Highways in New India @75 are remarkably different from India @ 50. Much has improved in the last few years in terms of rapid construction, better maintenance, and technology, and streamlined dispute resolution. National Highway length is up 50 per cent since 2014. Land acquisition is now much less problematic. Solutions have been found for stuck PPP projects, so that construction is completed. Affordable Arbitrations and claim settlements have been institutionalised. Successful asset monetisation is leading to long-term global capital funding platforms for Indian Highways.
Most FICCI members in the roads sector are not PPP investors, but road construction companies and those who supply inputs, be it in terms of cement, steel, aggregate, etc., or equipment; or those who supply technology solutions, or those who supply advice: consultants for business, financial, legal, and other advisors. For our FICCI members, both construction and operations of highways and associated infrastructure are important, as is the road user experience. Electronic toll collections through FASTags have become near universal, which has de-fanged toll plazas of their earlier tension of traffic jams.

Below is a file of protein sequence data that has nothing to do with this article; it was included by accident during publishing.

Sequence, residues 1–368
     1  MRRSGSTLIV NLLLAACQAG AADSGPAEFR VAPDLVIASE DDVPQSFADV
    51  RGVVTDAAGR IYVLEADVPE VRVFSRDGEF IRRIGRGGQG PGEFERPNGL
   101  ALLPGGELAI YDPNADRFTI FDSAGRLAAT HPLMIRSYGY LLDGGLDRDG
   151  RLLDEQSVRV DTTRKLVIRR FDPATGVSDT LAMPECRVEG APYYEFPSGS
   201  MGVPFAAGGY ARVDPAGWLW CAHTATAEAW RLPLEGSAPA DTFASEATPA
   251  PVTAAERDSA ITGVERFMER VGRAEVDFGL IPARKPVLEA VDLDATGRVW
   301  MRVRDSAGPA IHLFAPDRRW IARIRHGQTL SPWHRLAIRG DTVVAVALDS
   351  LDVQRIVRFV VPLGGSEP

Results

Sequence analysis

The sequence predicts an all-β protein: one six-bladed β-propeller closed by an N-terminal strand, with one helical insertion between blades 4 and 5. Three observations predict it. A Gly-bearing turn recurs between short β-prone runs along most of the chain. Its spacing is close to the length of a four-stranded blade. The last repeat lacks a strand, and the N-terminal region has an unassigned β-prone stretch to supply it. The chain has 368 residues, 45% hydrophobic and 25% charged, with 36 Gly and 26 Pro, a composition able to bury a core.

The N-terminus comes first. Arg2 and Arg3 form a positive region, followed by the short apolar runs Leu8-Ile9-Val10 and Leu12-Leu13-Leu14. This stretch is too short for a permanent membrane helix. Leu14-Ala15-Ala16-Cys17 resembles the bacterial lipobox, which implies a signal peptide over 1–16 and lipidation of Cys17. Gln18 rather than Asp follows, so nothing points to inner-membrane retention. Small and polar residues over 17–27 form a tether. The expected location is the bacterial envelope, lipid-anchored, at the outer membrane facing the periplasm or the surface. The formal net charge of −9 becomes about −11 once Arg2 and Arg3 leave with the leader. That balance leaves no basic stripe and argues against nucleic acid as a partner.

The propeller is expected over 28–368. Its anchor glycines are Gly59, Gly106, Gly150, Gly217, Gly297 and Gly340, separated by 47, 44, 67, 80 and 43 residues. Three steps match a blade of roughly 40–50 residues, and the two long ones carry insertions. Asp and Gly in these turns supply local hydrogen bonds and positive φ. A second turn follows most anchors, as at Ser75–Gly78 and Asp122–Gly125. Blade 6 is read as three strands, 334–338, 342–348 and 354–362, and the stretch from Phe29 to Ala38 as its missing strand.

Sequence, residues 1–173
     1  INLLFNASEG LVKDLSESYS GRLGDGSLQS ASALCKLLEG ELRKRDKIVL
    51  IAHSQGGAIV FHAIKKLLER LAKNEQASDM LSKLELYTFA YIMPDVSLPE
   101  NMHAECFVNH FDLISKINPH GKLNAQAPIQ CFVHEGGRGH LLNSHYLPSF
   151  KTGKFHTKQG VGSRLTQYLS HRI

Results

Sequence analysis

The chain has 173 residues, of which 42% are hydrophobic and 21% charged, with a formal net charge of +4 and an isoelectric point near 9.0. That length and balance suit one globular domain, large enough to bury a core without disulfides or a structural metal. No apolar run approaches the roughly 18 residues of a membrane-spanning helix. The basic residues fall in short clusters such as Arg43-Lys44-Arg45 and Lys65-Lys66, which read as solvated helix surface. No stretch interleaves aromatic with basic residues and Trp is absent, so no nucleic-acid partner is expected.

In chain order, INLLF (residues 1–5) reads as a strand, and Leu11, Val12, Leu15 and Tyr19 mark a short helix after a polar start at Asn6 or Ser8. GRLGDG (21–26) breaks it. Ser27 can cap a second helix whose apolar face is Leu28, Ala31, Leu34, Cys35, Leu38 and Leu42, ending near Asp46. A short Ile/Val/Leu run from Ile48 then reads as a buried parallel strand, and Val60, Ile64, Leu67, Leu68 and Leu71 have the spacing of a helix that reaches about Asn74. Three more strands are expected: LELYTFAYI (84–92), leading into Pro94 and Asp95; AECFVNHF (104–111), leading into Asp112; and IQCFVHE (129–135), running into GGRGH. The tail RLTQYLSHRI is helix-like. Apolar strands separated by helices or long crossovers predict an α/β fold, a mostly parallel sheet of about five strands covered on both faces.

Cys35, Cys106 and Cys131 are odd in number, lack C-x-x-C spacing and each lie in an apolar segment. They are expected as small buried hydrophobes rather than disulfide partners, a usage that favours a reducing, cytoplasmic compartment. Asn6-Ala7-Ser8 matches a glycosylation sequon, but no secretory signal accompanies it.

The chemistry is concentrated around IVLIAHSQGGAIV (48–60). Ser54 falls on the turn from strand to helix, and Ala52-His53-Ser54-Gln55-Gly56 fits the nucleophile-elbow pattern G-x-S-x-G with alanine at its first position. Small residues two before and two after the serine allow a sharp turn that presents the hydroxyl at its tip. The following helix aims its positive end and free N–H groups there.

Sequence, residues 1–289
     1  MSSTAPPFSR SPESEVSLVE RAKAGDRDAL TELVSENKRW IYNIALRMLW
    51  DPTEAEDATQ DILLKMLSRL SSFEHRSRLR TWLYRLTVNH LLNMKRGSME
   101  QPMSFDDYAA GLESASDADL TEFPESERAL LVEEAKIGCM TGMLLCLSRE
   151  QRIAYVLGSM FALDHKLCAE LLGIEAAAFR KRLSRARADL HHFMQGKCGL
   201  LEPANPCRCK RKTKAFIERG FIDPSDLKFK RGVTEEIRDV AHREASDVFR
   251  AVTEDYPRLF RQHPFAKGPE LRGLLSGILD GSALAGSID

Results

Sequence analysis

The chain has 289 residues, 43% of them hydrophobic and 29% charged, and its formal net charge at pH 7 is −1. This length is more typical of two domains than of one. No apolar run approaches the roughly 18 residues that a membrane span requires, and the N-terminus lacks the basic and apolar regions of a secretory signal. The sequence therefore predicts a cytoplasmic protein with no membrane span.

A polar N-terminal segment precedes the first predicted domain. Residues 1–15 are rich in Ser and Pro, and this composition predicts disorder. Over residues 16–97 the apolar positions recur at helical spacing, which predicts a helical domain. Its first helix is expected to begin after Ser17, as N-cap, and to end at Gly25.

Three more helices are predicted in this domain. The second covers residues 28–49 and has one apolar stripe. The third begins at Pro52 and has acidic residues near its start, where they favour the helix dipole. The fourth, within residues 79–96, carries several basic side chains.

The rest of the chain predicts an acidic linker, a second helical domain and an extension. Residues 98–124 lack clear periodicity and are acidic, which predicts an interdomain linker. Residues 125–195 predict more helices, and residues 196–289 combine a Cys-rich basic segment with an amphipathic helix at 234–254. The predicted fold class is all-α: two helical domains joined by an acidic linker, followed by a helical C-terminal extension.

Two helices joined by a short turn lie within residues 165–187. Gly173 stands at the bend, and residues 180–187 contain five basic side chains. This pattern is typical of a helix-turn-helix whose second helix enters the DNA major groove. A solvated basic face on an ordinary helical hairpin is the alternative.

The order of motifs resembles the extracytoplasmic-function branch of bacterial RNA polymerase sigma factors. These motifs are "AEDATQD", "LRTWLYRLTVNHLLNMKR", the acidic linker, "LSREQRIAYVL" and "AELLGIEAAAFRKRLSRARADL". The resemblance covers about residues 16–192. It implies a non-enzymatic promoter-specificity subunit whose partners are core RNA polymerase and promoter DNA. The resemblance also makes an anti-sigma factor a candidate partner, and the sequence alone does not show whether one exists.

The industry looks forward to more initiatives in road safety, better logistics, and much better user experience in terms of road pavement quality and rest areas’, along not only new expressways, but also existing four-lane and six-lane highways. In many ways, the completion of the US Interstates from 1956-1965 led to the road trip culture in America. It is today possible to drive from anywhere to anywhere in India in less than four days. With the incipient expressways, this experience would only get better.
Such issues have been well analysed in FICCI-CRISIL’s Knowledge Paper on ‘Accelerating the Road Infrastructure: New India @75, 2nd edition of Roads & Highways Summit’. The Paper describes the significant initiatives in Multi Modal Logistics Parks and plans for way-side amenities. We welcome and would appreciate further comments and suggestions on how we could enable the ideas in the National Infrastructure Plan (NIP) and the National Monetisation Plan (NMP) to get converted into cash-flow and infra-assets benefiting the government, the private sector and above all, the road user.
The author is Co-Chair, FICCI Transport Infrastructure Committee and Head- Special Initiatives, Development Projects, Larsen & Toubro